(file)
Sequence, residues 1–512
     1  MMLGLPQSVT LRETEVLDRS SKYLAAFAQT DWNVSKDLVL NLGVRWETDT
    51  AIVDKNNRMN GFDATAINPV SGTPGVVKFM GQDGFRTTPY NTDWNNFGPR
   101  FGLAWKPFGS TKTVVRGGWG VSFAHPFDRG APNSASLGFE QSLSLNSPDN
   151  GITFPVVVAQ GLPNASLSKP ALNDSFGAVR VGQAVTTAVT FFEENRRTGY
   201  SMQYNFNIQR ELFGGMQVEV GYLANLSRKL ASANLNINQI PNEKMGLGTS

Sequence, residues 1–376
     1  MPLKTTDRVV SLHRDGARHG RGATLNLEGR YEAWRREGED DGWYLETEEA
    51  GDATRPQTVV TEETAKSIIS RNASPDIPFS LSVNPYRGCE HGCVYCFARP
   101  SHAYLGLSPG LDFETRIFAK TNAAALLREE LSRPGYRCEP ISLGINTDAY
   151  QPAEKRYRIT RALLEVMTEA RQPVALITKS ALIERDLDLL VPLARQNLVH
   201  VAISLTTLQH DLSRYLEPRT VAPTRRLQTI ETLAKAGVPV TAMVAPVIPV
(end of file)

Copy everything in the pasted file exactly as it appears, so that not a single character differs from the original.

Sequence, residues 1–512
     1  MMLGLPQSVT LRETEVLDRS SKYLAAFAQT DWNVSKDLVL NLGVRWETDT
    51  AIVDKNNRMN GFDATAINPV SGTPGVVKFM GQDGFRTTPY NTDWNNFGPR
   101  FGLAWKPFGS TKTVVRGGWG VSFAHPFDRG APNSASLGFE QSLSLNSPDN
   151  GITFPVVVAQ GLPNASLSKP ALNDSFGAVR VGQAVTTAVT FFEENRRTGY
   201  SMQYNFNIQR ELFGGMQVEV GYLANLSRKL ASANLNINQI PNEKMGLGTS

Sequence, residues 1–376
     1  MPLKTTDRVV SLHRDGARHG RGATLNLEGR YEAWRREGED DGWYLETEEA
    51  GDATRPQTVV TEETAKSIIS RNASPDIPFS LSVNPYRGCE HGCVYCFARP
   101  SHAYLGLSPG LDFETRIFAK TNAAALLREE LSRPGYRCEP ISLGINTDAY
   151  QPAEKRYRIT RALLEVMTEA RQPVALITKS ALIERDLDLL VPLARQNLVH
   201  VAISLTTLQH DLSRYLEPRT VAPTRRLQTI ETLAKAGVPV TAMVAPVIPV